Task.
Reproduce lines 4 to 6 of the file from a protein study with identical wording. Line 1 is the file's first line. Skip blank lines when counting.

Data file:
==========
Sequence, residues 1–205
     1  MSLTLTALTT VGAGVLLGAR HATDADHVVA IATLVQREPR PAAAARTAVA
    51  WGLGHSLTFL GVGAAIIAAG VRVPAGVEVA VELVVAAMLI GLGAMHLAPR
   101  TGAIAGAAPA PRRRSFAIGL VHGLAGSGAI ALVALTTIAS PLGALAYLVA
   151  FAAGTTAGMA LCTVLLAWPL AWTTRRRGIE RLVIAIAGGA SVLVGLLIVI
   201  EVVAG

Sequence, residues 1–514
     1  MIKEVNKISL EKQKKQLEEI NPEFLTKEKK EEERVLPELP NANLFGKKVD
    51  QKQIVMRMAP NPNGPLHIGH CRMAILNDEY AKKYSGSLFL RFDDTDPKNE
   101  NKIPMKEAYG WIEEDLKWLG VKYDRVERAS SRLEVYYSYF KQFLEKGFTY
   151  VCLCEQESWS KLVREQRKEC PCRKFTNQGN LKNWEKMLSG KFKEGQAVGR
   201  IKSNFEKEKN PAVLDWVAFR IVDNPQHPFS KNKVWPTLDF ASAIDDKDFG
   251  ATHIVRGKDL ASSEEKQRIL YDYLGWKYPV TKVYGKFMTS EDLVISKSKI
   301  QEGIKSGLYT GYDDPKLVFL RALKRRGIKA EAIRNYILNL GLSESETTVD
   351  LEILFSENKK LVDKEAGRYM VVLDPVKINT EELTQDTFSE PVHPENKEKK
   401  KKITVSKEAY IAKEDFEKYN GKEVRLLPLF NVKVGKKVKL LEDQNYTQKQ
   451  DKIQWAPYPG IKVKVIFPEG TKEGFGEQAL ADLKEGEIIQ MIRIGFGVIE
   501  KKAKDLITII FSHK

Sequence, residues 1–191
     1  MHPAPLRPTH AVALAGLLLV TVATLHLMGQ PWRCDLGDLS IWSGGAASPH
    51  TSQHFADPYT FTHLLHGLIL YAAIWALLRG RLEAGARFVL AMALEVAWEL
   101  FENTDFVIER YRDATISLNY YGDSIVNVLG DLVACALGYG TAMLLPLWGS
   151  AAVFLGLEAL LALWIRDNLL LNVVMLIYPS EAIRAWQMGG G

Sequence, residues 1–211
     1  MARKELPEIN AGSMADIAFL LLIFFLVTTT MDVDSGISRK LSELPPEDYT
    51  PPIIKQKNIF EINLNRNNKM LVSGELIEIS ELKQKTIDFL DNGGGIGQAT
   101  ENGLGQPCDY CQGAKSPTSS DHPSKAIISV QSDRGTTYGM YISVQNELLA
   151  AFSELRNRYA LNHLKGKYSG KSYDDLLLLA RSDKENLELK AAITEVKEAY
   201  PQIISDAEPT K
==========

   101  TGAIAGAAPA PRRRSFAIGL VHGLAGSGAI ALVALTTIAS PLGALAYLVA
   151  FAAGTTAGMA LCTVLLAWPL AWTTRRRGIE RLVIAIAGGA SVLVGLLIVI
   201  EVVAG